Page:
email message I saw from an opposition activist promised a "Nuremberg Trial" for
the present government if Georgian Dream were to prove victorious.
sort of recriminations, if any, may befall Georgia's leaders is just one of the
many questions that make this country's election important. Indeed, that the outcome
of the election itself has been so suspenseful these past few weeks is due
almost entirely to the surprise entry of Bidzina
Ivanishvili, Georgian Dream's billionaire founder, into politics last
months, Georgian Dream has declared that the ballot would be rigged, leading
many to speculate that the aftermath would be protracted and possibly violent.
"We have enough evidence right now to say that
the elections are already fraudulent and already being stolen," Ivanishvili told Foreign Policy's
Josh Rogin in a recent interview. "We don't have to wait for the first of
October because the amount of material is already so large that we can prove
and say that this is already election-rigging and this is already a stolen
after noon Monday, Georgian Dream called on its supporters to mass in streets for
a "Rally to Defend the Vote" at 7 PM, despite the fact that polls did not close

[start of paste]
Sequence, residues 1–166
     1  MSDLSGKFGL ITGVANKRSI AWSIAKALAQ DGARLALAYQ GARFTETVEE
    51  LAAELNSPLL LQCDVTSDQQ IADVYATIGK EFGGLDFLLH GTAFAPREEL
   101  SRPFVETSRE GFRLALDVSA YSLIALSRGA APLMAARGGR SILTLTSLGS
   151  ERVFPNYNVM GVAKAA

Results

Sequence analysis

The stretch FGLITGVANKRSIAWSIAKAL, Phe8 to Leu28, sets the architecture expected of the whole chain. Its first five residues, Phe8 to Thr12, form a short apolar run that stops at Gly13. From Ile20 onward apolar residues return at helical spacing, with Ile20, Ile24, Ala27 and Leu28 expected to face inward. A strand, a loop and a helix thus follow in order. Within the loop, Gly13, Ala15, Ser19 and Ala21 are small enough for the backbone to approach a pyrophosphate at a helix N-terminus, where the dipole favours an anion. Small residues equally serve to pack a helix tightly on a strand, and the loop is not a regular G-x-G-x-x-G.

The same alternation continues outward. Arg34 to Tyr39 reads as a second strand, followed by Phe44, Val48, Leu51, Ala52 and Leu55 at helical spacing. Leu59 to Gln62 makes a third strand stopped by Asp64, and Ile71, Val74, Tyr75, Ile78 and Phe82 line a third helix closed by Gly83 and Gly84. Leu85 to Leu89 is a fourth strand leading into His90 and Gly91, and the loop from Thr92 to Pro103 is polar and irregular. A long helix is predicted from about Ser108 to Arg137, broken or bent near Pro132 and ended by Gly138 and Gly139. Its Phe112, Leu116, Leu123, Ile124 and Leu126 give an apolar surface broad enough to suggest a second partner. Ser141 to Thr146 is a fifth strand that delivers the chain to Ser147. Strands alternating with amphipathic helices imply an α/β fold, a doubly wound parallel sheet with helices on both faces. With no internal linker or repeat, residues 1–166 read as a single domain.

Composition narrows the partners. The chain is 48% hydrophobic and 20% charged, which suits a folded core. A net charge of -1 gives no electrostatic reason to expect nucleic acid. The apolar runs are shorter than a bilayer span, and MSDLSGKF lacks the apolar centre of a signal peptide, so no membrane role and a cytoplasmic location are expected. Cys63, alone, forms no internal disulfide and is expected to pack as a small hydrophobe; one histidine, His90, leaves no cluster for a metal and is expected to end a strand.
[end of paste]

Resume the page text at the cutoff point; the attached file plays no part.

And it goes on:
until 8 PM and the official results of the election would not be announced
until early Tuesday morning. An exit poll announced on an opposition television
channel Monday afternoon (in violation of Georgian law, which prohibits exit
polls from being publicized until after polls closed) declared Georgian Dream
would achieve an impossibly high 95 percent of the popular vote.
has delivered mixed signals about his potential reaction to an election defeat,
delivering a message of defiance to his Georgian electorate and a mollifying
one to international interlocutors. "It is
unimaginable that the West will support those who have created this sadist
system," he said last Saturday at a massive outdoor rally in Freedom Square,
which his party absurdly claimed was attended by 600,000 people -- over 10 percent of the
country's population. In September, Ivanishvili lashed out at the
U.S.-government-funded National Democratic Institute for a poll it released showing the UNM with a commanding, 25-point lead; the U.S.
Embassy in Tbilisi defended the group, stating that its polls are "conducted